Seaside teen Norah Takehara was one of over 500 youths across the nation to be honored with the Congressional Award this year for achievements in public service and personal growth.
Established in 1979, the Congressional Award Foundation is the United States Congress’ highest honor for young Americans. Participants work at their own pace to complete customized goals and have the opportunity to earn Bronze, Silver and Gold congressional certificates and medals.
The program recognizes initiative, service and achievement in youth ages 14-23, with specific emphasis on long-term goal setting. The Congressional Award is designed to encourage young people to become active in their communities while growing as young adults and achieving their goals.
The class of 2022 awardees was the largest Gold Medal class to date, with 549 youths from 41 states across the country receiving the medal.
The Gold Medal takes at least two years to earn and requires 800 activity hours across four program areas: 400 hours of community service, 200 hours of personal development, 200 hours of physical fitness and completing a five-day, four-night expedition or exploration trip.
Takehara spent three years completing the requirements and also earned a STEM star for completing additional science, technology, mathematics and engineering activities in pursuit of her medal.
Takehara said she had heard of the program through a friend and decided to get involved because she thought it would be a good way to build connections, hone her skills and further her love for community service.
“I come from a family (that) values giving back to the community,” Takehara said. “It’s always just been something that was instilled in me and that I’ve really enjoyed.”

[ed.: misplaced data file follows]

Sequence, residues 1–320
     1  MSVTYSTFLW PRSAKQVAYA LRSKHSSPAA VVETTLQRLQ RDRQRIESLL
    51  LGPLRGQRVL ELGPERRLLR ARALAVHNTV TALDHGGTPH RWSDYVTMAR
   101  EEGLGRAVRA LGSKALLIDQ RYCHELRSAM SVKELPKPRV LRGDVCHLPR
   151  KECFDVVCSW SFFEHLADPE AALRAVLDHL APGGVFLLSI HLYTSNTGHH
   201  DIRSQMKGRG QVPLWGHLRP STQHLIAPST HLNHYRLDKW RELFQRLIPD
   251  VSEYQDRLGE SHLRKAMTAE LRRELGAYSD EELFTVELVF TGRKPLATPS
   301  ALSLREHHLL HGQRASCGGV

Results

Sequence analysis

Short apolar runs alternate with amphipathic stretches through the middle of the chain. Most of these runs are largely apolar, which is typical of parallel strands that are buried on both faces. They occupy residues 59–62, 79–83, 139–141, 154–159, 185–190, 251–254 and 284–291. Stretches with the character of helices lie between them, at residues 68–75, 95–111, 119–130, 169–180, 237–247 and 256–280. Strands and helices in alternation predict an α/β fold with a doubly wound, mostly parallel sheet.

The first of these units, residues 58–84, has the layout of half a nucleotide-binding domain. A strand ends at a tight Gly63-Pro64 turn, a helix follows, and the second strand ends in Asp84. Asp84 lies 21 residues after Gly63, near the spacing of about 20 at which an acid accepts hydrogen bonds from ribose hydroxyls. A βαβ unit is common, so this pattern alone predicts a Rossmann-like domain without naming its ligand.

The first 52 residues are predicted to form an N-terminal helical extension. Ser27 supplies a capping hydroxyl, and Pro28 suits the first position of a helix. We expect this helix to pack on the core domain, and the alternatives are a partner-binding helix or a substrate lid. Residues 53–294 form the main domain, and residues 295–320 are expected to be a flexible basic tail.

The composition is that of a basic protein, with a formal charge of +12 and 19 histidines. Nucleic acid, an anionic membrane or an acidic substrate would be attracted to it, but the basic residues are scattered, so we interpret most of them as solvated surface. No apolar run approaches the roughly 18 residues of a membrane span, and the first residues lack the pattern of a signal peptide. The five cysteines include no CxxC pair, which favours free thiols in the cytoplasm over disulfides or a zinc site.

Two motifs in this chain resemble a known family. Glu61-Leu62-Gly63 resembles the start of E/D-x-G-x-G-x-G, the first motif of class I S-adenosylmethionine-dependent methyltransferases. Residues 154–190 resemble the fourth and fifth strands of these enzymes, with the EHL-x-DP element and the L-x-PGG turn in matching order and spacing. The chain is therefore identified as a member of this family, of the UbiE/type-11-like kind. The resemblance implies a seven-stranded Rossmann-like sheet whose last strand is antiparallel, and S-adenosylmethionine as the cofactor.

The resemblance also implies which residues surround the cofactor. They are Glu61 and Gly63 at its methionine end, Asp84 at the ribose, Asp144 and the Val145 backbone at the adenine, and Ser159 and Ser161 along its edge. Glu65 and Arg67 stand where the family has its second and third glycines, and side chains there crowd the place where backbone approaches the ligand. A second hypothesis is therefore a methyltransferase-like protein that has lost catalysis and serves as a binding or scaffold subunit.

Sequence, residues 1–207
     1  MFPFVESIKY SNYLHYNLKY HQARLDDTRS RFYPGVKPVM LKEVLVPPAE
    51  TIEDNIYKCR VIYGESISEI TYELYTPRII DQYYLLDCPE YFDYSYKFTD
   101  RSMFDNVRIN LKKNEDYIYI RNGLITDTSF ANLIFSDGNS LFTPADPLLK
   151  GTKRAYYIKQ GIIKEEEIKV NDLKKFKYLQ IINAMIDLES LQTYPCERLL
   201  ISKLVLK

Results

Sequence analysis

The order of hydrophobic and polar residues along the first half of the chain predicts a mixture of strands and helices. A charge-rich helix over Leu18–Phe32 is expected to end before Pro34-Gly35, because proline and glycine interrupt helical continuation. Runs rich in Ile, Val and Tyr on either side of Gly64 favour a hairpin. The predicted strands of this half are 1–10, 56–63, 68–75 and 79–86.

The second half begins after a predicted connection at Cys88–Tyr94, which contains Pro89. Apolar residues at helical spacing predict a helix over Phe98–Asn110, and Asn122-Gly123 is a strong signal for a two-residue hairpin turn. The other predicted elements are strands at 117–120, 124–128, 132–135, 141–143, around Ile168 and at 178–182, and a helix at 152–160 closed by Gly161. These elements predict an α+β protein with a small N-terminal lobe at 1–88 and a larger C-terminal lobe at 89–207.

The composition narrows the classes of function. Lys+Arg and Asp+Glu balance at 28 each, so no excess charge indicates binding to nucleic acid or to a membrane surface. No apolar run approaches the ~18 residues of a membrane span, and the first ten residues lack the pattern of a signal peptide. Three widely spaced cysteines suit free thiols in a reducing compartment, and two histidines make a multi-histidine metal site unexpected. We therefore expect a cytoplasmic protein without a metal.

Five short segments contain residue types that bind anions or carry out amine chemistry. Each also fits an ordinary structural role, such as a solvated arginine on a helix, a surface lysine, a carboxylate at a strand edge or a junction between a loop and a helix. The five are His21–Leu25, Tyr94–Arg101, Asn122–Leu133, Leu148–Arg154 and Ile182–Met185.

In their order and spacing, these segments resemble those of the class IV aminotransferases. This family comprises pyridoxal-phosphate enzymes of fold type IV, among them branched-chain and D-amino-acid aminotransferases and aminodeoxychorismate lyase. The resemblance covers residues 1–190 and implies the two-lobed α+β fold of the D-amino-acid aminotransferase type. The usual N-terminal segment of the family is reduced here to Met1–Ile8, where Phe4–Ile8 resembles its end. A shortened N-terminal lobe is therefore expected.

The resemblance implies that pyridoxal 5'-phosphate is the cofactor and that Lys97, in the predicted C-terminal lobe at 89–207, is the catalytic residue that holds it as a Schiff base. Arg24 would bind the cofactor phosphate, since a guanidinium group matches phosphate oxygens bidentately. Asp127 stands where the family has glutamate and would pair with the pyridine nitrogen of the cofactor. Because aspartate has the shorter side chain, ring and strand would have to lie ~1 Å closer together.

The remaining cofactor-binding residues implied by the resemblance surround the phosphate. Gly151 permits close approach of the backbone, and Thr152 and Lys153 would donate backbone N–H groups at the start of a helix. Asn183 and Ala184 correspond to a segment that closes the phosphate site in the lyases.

Takehara completed her community service hours by volunteering at the Monterey Bay Aquarium every week. For the physical fitness requirement, she helped teach at her local dance studio and danced the role of the Sugar Plum Fairy in Monterey Peninsula Ballet Theater’s 2021 Nutcracker performance. Takehara chose culinary arts as her area for personal development, where she practiced new recipes and advanced her cooking skills.
The exploration program area required immersion in an unfamiliar environment or culture. Because of the COVID-19 pandemic restrictions, Takehara chose to complete the requirement with a virtual exploration. She picked Amsterdam as her location and researched different activities to explore, including food, art, architecture and public parks. After completing her research, she wrote a 10-page paper on what she discovered.
Takehara said it was difficult to continue to pursue her goals and complete the necessary hours during the pandemic, especially with her additional school work and activities.
“There were definitely times where I was like, ‘I don’t know if I’m going to be able to finish it and get to the gold medal level that I wanted to be at,’ ” she admitted. “When you’re combining school and college applications with having to write a 10-page paper for this other program, a little bit of burnout can happen. But it was really worth it in the end.”
Takehara, who attended Ocean Grove Charter School, was able to experience the benefits of her hard work when she took a senior-class trip to Europe over the summer. When it was time to visit Amsterdam, she was able to use the knowledge she gained from her virtual exploration project and see the sites she had researched and wrote about.
Takehara, now a college freshman studying dance and psychology at the University of Arizona, said she learned a lot about herself during the time she spent pursuing the Congressional Award Gold Medal.
“I definitely think I learned how important volunteer work is to me,” she said. “And I developed a lot of skills in terms of … communicating, writing professionally and working with a group of people.”
In addition to the skills and life lessons she learned along the way, Takehara said she thinks receiving the award will help her future career in many ways, either by helping her stand out from other applicants for future opportunities or through the connections she made with other individuals in the program. The Congressional Award also has an extensive alumni network and offers additional opportunities for networking and further development.
“It was really worth it in the end,” Takehara said. “Being able to put that on my resume and have a physical golden medal — getting to have that is really cool. And I’m really glad that I finished the program.”
Contributed by local news sources